Lenders also granted more home loans than expected, with 70,410 mortgages for house purchase approved, the highest number in three months.
The figures add to signs that Britain’s housing market is accelerating after a dip in mid-2014 when tighter rules on mortgage lending took effect, requiring banks and building societies to make more rigorous checks on whether borrowers can afford their loans.
Here are the key charts for the disappointing UK manufacturing data:
The manufacturing data is more bad news for chancellor George Osborne, and his chances of hitting his Autumn Statement targets. Rob Dobson, senior economist at Markit said:
The UK manufacturing sector ended 2015 on a disappointing note, with its rate of growth slowing further from October’s recent high back down towards the stagnation mark. This suggests that industry will make, at best, only a marginal positive contribution to broader economic growth in the final quarter of the year.
Although this would be an improvement on the second and third quarters, it does also suggest that manufacturing output over 2015 as a whole may be below the level achieved in 2014. With the latest revisions to official data also suggesting that GDP growth earlier in the year was softer than previously thought, the emphasis has really shifted to other sectors of the economy if the rate of expansion for the year as a whole is to come in close to the OBR forecast as outlined in the Autumn Statement.
UK manufacturing falls to three month low
And after the positive eurozone figures, the UK purchasing managers’ index has come in below expectations, recording its slowest growth in three months.
The index fell from 52.5 in November to 51.9 last month, below expectations of a figure of 52.7. New orders came in at their slowest pace for five years, according to the Markit survey.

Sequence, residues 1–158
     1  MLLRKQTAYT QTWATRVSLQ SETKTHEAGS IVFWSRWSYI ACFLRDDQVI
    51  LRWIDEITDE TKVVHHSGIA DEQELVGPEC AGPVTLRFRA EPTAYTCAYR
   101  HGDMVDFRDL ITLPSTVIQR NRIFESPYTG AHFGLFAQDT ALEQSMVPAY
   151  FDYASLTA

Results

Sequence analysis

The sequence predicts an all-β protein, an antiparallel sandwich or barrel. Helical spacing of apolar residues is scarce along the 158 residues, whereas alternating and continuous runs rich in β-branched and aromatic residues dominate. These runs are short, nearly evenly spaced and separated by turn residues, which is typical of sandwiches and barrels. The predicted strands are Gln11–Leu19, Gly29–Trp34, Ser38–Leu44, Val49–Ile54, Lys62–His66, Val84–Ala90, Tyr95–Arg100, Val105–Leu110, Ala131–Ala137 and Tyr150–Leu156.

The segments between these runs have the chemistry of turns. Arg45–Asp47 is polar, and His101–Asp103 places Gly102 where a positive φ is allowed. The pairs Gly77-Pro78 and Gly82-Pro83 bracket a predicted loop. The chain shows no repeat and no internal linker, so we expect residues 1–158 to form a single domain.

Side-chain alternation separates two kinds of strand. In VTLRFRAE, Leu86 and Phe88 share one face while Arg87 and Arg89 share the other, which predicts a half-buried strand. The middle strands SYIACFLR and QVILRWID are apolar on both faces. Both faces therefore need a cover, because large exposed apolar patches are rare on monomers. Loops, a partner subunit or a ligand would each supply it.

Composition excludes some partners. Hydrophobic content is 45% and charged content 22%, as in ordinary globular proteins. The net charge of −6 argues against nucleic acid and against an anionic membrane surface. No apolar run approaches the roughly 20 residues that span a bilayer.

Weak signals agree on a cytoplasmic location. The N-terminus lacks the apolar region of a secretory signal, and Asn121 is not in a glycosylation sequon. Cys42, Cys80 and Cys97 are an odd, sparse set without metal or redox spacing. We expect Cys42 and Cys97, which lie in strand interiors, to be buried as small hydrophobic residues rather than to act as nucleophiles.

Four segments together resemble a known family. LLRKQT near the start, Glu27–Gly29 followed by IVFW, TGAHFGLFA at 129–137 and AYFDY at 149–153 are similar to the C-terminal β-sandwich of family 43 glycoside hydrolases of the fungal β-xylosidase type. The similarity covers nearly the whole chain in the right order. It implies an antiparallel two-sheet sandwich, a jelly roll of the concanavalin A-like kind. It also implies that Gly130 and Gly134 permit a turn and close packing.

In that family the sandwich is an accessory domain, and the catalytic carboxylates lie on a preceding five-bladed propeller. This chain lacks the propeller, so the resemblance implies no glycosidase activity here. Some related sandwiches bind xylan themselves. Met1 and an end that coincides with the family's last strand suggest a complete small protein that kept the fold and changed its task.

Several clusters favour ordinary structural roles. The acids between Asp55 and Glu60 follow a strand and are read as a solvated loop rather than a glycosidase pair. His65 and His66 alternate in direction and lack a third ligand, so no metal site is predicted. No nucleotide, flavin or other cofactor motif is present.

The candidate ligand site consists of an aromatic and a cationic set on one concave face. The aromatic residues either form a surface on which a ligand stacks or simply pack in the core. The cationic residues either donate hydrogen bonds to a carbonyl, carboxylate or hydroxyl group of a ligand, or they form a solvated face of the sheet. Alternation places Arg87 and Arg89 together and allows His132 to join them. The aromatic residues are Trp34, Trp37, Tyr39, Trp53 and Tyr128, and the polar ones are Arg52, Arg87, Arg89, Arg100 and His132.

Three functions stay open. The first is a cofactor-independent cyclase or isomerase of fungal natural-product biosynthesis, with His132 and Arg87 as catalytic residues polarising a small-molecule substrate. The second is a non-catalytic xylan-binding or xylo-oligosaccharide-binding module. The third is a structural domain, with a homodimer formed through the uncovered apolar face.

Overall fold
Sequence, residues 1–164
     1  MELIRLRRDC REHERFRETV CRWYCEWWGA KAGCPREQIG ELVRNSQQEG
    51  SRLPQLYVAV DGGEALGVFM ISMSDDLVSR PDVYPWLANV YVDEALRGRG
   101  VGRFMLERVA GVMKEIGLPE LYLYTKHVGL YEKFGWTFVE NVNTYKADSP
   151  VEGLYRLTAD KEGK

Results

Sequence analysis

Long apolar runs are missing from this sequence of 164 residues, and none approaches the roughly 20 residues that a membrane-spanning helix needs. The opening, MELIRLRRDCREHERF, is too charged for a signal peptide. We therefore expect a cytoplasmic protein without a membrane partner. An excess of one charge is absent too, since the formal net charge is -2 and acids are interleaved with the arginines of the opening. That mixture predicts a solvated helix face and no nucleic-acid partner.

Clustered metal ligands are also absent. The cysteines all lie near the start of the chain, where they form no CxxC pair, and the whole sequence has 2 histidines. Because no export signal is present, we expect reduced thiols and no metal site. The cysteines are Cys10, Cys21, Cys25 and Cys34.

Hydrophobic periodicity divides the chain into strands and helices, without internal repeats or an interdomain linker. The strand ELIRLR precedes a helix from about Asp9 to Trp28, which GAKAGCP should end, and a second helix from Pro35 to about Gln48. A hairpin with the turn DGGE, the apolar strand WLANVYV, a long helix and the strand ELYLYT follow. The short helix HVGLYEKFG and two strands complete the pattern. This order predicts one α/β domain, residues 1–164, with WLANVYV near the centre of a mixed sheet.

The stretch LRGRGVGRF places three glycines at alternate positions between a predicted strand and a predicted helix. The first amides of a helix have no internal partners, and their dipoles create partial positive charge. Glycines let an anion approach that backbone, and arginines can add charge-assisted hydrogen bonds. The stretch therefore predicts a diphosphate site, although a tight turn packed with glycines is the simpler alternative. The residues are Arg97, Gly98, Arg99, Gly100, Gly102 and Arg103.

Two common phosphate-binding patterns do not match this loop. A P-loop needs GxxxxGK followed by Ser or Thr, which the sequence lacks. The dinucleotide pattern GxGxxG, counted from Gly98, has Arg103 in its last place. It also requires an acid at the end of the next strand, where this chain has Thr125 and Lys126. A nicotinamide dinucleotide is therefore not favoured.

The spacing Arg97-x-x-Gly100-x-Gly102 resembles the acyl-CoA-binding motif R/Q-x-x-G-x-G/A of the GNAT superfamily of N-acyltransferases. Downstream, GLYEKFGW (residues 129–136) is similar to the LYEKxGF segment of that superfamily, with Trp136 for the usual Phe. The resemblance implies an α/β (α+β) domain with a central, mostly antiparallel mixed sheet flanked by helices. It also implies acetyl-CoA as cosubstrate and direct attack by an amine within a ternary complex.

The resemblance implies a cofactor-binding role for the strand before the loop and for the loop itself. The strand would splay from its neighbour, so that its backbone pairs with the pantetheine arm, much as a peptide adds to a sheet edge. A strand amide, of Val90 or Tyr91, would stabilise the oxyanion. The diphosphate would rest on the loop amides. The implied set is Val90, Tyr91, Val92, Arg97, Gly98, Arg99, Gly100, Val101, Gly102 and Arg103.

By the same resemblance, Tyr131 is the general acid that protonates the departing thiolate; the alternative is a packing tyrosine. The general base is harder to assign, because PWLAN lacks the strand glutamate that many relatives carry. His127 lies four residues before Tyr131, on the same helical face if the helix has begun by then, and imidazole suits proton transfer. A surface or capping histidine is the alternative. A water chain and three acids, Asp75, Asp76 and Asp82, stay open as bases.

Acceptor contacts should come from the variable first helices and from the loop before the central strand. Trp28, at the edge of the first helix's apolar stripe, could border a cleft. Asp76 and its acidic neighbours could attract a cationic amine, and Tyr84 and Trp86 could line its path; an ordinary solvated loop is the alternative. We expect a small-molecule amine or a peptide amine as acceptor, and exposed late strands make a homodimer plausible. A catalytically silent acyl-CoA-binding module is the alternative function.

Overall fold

Here’s our story on the rising oil price:
Economist Howard Archer at IHS Global Insight said:
The improved Eurozone manufacturing survey for December supports hopes that Eurozone growth picked up to at least 0.4% quarter-on-quarter in the in the fourth quarter of 2014 after dipping to 0.3% quarter-on-quarter in the third quarter from 0.4% in the second and a peak of 0.5% in the first quarter.
Eurozone manufacturers are currently getting appreciable help from very low oil and commodity prices which is boosting their ability to price competitively to win business. In addition, a weak euro is boosting Eurozone manufacturers’ competitiveness in international markets – so they will be hoping that the euro does not rise any further after firming to be currently trade close to $1.09 from a seven-month low of $1.055 earlier in December. Meanwhile, the fundamentals look reasonably solid for consumer spending in the eurozone which should be supportive to demand for durable manufactured goods. Consumers’ purchasing power is getting a serious boost from very low inflation/deflation across all countries while labour markets have generally improved. Indeed, it is notable that the European Commission reported that consumers’ perception of whether it is a good time to make major purchases now and during the next 12 months in November were only just below September’s respective strongest levels since September 2001 and February 2008.
Nevertheless, there are still appreciable challenges facing Eurozone manufacturers. Foreign orders are being hampered by mediocre global growth, most notably the slowdown in China and emerging markets. Eurozone manufacturers will also be wary that the current uncertain global growth outlook could lead to increased business caution over investment and the purchase of capital goods.
Commenting on the eurozone PMI figure, Markit said:
The eurozone manufacturing sector continued to make solid progress at the end of 2015, as rates of growth in production, new orders and new export business all improved. Although input costs and output charges fell again, trends in both provided further evidence of deflationary pressures easing.
With the Greek PMI edging back above 50.0, December saw PMI readings in all of the nations covered at levels signalling expansion for the first time since April 2014. Italy remained the fastest- growing, with its rate of expansion improving to a 57- month record.